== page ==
Top Ten Technology Consultancies - Accenture
Accenture plc is an Irish-domiciled multinational professional services company. A Fortune Global 500 company, it has been incorporated in Dublin, Ireland since 1 September 2009. In 2019, the company reported revenues of $43.2 billion, with more than 492,000 employees serving clients in more than 200 cities in 120 countries. In 2015, the company had about 150,000 employees in India, 48,000 in the US, and 50,000 in the Philippines. Accenture's current clients include 91 of the Fortune Global 100 and more than three-quarters of the Fortune Global 500.
Accenture began as the business and technology consulting division of accounting firm Arthur Andersen in the early 1950s when it conducted a feasibility study for General Electric to install a computer at Appliance Park in Louisville, Kentucky, which led to GE's installation of a UNIVAC I computer and printer, believed to be the first commercial use of a computer in the U.S. Joseph Glickauf, an early pioneer of computer consulting, held a position as head of Arthur Andersen's administrative services division.
Technology innovation—it's how they tip disruption in your favour. At their innovation labs, Accenture incubates new concepts and apply the latest technologies to deliver breakthrough solutions for business and society, today. With a massive innovation portfolio of more than 7,400+ patents and patents-pending across Accenture, the team of applied R&D technologists work to prototype and deliver breakthrough ideas that generate new sources of competitive advantage and drive strategic impact for both Accenture and their clients. Each year, they host thousands of innovation workshops and partner with leading clients to transform industries.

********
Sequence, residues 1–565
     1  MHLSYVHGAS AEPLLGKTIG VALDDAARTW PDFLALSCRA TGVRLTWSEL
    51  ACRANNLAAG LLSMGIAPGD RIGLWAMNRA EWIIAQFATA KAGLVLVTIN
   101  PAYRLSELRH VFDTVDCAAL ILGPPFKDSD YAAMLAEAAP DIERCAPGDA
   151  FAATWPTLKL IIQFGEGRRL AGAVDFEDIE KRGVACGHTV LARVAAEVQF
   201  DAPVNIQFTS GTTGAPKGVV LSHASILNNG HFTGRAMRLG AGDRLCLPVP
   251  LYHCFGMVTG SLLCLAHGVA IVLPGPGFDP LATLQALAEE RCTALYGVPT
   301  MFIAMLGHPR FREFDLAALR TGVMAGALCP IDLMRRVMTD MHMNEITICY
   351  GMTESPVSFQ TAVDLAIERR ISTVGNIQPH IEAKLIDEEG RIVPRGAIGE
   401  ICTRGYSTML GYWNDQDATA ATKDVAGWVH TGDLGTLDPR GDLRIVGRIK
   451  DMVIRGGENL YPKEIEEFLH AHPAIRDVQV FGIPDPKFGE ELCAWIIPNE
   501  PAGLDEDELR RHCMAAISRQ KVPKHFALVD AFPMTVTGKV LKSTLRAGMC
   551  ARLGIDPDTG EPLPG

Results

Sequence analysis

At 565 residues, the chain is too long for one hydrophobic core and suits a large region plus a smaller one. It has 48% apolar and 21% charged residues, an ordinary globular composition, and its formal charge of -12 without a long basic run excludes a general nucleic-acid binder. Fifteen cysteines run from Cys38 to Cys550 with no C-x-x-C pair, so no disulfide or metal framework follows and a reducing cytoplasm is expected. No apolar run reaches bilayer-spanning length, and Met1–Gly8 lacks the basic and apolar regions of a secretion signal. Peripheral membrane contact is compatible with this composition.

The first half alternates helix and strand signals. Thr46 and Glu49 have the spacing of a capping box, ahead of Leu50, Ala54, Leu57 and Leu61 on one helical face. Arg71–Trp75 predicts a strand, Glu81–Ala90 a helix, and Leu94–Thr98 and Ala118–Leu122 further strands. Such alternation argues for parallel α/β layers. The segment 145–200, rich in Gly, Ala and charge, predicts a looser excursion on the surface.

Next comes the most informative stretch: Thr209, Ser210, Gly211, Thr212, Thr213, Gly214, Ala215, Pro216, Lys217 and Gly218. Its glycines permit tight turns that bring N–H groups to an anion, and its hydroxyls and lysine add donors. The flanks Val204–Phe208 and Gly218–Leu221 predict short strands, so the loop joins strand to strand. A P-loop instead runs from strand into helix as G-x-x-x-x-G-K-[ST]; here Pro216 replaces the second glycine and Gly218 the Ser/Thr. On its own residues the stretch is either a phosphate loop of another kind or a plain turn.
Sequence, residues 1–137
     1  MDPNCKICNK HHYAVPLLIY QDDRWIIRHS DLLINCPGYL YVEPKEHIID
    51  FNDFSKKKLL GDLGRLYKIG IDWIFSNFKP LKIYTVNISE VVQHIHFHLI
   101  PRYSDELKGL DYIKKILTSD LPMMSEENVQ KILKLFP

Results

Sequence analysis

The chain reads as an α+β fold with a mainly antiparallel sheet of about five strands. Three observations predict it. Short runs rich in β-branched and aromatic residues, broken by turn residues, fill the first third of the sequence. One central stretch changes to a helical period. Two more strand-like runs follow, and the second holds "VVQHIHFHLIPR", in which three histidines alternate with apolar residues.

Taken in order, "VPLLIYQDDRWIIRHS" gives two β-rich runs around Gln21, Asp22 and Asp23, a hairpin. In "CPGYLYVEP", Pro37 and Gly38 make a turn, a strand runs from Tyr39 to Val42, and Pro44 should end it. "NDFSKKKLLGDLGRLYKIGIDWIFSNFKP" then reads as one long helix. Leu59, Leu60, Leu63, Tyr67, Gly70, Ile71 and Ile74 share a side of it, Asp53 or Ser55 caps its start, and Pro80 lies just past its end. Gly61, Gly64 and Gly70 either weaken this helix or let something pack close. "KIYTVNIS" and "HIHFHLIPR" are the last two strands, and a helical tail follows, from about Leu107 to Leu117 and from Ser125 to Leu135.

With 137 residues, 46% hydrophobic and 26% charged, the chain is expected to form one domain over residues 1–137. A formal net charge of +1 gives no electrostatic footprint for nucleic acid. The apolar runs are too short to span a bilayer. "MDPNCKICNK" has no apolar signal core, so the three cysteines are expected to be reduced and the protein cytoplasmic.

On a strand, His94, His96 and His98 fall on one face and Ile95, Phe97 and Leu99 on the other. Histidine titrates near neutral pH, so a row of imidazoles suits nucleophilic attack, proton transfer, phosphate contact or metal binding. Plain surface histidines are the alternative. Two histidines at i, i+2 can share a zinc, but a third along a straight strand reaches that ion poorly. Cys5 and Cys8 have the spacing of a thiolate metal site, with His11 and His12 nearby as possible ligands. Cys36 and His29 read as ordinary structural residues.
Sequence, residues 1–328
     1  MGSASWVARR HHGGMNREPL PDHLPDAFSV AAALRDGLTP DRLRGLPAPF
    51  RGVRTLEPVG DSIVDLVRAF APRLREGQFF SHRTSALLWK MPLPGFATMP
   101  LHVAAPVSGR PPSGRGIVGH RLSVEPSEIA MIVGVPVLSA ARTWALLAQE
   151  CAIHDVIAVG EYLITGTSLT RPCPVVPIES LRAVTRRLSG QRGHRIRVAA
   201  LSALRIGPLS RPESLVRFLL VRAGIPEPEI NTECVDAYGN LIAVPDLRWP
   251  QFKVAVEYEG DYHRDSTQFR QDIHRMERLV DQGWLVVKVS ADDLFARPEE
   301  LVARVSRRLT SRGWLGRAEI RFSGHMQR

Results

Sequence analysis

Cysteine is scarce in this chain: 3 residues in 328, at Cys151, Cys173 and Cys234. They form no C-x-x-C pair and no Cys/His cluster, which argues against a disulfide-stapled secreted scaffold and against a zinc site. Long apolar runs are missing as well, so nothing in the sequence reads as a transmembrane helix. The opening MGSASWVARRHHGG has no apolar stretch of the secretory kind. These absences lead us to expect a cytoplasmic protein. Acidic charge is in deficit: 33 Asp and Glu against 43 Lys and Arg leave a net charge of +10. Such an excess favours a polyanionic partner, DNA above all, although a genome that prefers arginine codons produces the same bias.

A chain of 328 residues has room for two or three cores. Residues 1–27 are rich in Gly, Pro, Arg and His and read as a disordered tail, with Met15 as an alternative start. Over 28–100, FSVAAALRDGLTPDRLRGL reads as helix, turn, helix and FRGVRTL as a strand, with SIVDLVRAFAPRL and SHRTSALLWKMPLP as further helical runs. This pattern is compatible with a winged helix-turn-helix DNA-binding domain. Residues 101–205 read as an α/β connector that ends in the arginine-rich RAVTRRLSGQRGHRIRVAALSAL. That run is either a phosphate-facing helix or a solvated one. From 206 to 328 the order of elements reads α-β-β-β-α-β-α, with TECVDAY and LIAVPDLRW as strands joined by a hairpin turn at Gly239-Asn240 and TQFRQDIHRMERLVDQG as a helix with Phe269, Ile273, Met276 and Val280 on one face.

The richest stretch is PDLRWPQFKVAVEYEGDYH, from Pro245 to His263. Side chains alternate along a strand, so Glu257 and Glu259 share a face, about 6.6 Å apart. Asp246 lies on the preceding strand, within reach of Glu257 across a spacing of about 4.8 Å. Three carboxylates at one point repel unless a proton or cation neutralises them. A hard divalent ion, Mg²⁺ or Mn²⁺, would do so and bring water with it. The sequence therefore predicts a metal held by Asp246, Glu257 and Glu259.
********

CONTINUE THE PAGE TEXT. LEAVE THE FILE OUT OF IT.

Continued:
Make your AI vision a reality by knowing where to start and how to scale. A strong strategy is key to making the right investments for transformation. Leveraging AI in pockets across your business has the power to bring new outcomes—from gains in efficiency to productivity. But what if you could transform every aspect of your business and your industry at large? Businesses struggle to realize the full value of their AI projects because they can’t move away from proofs of concept. Accenture's latest research shows that organizations scaling AI effectively are seeing up to 3X the return on their investments, compared to non-scalers. That’s where Applied Intelligence comes in. It’s their unique approach to combining AI with data, analytics and automation under a strategic vision to scale AI and transform business—across every function and process.
Applied Intelligence has the roadmap to maximize existing investments and extend new technologies across your business. With deep AI experts and data scientists, plus the flexibility to work with almost any technology partner, they can help you evaluate, maximize and scale opportunities as they arise.
Gartner recognizes Accenture as a Data and Analytics Service Providers Magic Quadrant Leader, 2020.
Accenture in the automotive industry: